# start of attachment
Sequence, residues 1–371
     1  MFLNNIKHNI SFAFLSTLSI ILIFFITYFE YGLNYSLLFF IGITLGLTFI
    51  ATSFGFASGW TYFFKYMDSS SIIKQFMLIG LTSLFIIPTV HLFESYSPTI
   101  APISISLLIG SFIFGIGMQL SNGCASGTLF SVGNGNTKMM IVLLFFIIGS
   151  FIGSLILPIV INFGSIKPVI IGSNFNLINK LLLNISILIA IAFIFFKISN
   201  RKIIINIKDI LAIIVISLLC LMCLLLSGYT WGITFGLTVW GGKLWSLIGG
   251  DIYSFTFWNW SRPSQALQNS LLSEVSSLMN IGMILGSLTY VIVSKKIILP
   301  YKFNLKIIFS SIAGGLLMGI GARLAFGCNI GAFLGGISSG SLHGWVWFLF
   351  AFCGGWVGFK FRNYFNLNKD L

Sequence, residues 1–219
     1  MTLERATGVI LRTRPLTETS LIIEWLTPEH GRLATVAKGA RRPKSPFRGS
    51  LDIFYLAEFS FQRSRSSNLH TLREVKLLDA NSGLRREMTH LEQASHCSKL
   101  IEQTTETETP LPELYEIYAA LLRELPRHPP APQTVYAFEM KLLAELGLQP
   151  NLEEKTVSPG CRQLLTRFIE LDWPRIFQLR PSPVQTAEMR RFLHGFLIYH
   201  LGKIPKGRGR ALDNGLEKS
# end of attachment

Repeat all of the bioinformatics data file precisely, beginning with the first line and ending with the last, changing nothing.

Sequence, residues 1–371
     1  MFLNNIKHNI SFAFLSTLSI ILIFFITYFE YGLNYSLLFF IGITLGLTFI
    51  ATSFGFASGW TYFFKYMDSS SIIKQFMLIG LTSLFIIPTV HLFESYSPTI
   101  APISISLLIG SFIFGIGMQL SNGCASGTLF SVGNGNTKMM IVLLFFIIGS
   151  FIGSLILPIV INFGSIKPVI IGSNFNLINK LLLNISILIA IAFIFFKISN
   201  RKIIINIKDI LAIIVISLLC LMCLLLSGYT WGITFGLTVW GGKLWSLIGG
   251  DIYSFTFWNW SRPSQALQNS LLSEVSSLMN IGMILGSLTY VIVSKKIILP
   301  YKFNLKIIFS SIAGGLLMGI GARLAFGCNI GAFLGGISSG SLHGWVWFLF
   351  AFCGGWVGFK FRNYFNLNKD L

Sequence, residues 1–219
     1  MTLERATGVI LRTRPLTETS LIIEWLTPEH GRLATVAKGA RRPKSPFRGS
    51  LDIFYLAEFS FQRSRSSNLH TLREVKLLDA NSGLRREMTH LEQASHCSKL
   101  IEQTTETETP LPELYEIYAA LLRELPRHPP APQTVYAFEM KLLAELGLQP
   151  NLEEKTVSPG CRQLLTRFIE LDWPRIFQLR PSPVQTAEMR RFLHGFLIYH
   201  LGKIPKGRGR ALDNGLEKS